The Council of the European Union (EU) has reached a political agreement with the European Parliament regarding the instant payments proposal, which looks to improve the availability of instant payment options in euros to consumers and businesses in the EU and in EEA countries.
Instant payments enable people to transfer money within ten seconds at any time of the day, including outside business hours, not only within the same country but also to another European Union member state.
The new instant payment rules will be introduced to improve the strategic autonomy of the European economic and financial sector as they will help reduce any excessive reliance on third-country financial institutions and infrastructures.
Under the provisionally agreed rules, payment service providers (PSPs) such as banks, which provide standard credit transfers in euros, will also be required to offer the service of sending and receiving instant payments in euros.
The provisional agreement also takes non-euro area entities into consideration, with the Council and Parliament agreeing that the new rules will come into force after a transition period that will be faster in the euro area and longer in the non-euro area, which will require more time to adjust.
The co-legislators agreed to grant access for payment and e-money institutions (PIEMIs) to payment systems, by changing the settlement finality directive (SFD). As a result, these entities will be required to offer the service of sending and receiving instant credit transfers, after a transitional period.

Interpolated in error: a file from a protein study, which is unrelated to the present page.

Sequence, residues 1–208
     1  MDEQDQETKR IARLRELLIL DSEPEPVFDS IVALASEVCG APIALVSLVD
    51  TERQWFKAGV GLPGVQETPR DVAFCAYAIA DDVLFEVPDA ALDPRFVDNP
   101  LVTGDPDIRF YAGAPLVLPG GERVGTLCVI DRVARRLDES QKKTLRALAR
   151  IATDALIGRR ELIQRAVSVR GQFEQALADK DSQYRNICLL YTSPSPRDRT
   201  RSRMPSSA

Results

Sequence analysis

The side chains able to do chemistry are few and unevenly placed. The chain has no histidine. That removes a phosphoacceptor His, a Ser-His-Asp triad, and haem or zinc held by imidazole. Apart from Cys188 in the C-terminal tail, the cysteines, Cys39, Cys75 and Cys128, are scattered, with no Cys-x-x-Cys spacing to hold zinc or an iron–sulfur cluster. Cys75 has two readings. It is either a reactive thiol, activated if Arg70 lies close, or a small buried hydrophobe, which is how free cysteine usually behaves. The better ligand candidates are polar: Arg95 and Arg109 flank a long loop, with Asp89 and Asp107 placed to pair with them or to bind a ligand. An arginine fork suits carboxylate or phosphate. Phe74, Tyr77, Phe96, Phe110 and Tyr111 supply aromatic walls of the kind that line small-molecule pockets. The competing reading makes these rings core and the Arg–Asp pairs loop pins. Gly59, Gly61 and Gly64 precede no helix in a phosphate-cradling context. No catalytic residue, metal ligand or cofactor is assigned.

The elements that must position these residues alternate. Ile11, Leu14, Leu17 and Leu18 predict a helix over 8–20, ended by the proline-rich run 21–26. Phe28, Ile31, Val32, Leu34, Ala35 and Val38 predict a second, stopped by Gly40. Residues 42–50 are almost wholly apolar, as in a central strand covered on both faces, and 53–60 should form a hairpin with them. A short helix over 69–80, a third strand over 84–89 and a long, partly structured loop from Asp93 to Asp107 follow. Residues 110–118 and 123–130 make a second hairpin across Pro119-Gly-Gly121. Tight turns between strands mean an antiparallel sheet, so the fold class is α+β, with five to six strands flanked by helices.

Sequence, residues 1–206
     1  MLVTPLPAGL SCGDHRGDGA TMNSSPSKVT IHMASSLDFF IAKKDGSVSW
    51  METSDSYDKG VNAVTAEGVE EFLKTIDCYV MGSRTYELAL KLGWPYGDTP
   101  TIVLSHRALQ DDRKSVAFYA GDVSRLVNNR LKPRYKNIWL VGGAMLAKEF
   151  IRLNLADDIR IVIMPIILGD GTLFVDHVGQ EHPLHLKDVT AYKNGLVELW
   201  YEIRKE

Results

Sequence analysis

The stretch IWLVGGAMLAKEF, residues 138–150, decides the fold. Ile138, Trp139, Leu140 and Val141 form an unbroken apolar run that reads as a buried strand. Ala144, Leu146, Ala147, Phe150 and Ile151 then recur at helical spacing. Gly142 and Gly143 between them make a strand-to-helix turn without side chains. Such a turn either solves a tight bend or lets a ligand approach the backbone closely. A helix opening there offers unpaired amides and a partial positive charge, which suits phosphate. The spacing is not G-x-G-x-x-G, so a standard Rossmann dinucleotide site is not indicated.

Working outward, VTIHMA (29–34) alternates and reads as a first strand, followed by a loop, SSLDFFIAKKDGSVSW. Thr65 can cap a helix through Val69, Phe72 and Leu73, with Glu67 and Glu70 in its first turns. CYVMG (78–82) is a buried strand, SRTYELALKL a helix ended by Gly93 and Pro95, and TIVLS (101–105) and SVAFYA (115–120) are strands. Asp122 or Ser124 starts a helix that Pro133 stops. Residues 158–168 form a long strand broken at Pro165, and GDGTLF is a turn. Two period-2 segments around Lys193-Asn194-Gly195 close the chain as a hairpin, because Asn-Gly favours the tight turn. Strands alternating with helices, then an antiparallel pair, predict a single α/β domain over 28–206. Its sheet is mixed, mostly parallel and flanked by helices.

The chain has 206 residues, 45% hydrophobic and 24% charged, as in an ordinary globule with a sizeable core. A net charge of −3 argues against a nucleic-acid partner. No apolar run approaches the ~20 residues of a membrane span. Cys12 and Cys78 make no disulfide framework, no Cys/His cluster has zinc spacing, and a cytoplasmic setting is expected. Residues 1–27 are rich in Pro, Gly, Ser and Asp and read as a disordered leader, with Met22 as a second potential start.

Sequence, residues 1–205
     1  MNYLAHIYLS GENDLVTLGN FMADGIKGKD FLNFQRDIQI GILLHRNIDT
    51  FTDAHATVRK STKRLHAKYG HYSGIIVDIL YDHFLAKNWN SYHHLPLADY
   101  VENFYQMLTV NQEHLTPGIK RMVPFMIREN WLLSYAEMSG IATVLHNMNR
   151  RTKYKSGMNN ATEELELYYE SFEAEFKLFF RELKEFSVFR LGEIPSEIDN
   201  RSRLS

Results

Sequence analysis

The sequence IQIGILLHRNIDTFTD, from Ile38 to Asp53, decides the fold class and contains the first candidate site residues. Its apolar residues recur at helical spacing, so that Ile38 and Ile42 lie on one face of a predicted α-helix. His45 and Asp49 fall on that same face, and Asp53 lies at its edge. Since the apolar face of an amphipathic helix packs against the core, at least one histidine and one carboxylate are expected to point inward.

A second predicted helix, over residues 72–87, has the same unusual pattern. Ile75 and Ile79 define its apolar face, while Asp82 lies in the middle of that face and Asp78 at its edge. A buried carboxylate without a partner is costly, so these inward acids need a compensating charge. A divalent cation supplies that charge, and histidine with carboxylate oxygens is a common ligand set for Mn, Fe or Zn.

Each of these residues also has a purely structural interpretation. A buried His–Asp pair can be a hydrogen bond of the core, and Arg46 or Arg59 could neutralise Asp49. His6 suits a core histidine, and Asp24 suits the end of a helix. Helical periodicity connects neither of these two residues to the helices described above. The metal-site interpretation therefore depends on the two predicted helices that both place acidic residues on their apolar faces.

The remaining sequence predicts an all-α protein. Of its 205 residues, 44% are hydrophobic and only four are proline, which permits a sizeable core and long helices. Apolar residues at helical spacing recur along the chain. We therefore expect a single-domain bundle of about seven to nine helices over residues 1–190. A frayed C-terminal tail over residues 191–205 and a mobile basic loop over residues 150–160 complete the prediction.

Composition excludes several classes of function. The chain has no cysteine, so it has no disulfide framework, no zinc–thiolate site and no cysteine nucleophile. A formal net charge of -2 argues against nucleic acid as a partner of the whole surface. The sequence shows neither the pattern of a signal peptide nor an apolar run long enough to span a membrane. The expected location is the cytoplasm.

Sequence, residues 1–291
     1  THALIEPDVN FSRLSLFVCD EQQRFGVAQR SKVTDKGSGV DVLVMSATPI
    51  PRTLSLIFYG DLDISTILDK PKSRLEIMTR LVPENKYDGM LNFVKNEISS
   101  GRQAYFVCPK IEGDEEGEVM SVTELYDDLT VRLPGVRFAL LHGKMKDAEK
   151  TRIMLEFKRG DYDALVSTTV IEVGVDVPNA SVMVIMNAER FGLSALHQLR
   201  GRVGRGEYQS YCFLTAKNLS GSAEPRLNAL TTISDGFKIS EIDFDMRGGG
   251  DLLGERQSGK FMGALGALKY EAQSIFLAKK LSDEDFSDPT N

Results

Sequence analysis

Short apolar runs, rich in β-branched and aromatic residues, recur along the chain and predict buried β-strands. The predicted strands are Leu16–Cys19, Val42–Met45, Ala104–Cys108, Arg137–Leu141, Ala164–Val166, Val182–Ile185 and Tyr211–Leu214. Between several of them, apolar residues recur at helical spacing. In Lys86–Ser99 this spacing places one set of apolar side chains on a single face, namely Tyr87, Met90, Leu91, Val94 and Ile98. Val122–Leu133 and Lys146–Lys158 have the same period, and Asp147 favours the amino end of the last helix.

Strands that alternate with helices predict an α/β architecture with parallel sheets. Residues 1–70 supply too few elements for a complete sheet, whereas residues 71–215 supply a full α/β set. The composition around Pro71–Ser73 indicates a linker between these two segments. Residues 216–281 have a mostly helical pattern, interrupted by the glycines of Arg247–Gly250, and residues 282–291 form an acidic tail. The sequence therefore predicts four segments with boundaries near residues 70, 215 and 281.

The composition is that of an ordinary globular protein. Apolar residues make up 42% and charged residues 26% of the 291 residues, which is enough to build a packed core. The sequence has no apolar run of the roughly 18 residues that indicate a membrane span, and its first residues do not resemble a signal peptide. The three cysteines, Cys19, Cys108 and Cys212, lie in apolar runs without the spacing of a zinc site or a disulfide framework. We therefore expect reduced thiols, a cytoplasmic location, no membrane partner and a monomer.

The Council and Parliament have added appropriate safeguards to ensure that the access of PIEMIs to payment systems doesn’t add additional risk to the system.
Under the new rules, instant payment providers will need to verify that the beneficiary’s IBAN and name match to alert the payer to possible mistakes or fraud before a transaction is made. This requirement will apply to regular transfers too.
‘A very important piece of legislation’
Nadia Calviño, Vice President of the Government and Minister of Economy for Spain, explained her view on the new instant payments regulation agreement: “It is a very important piece of legislation, not only in terms of the integration of European financial markets but most importantly because of the impact for European companies and citizens who will be able to make instant payments throughout the whole EU with devices and mechanisms similar to the ones existing already in some Member States.
“For example, Bizum in the case of Spain, thus facilitating cross-border payments and leading to a more efficient financial sector within the EU and more integrated retail financial markets in the EU.”
On 26 October 2022, the European Commission proposed new regulations on instant credit transfers in euros. It amends and modernises the Single Euro Payments Area (SEPA) regulation of 2012 on standard credit transfers in euros by adding specific provisions for instant credit transfers in euros.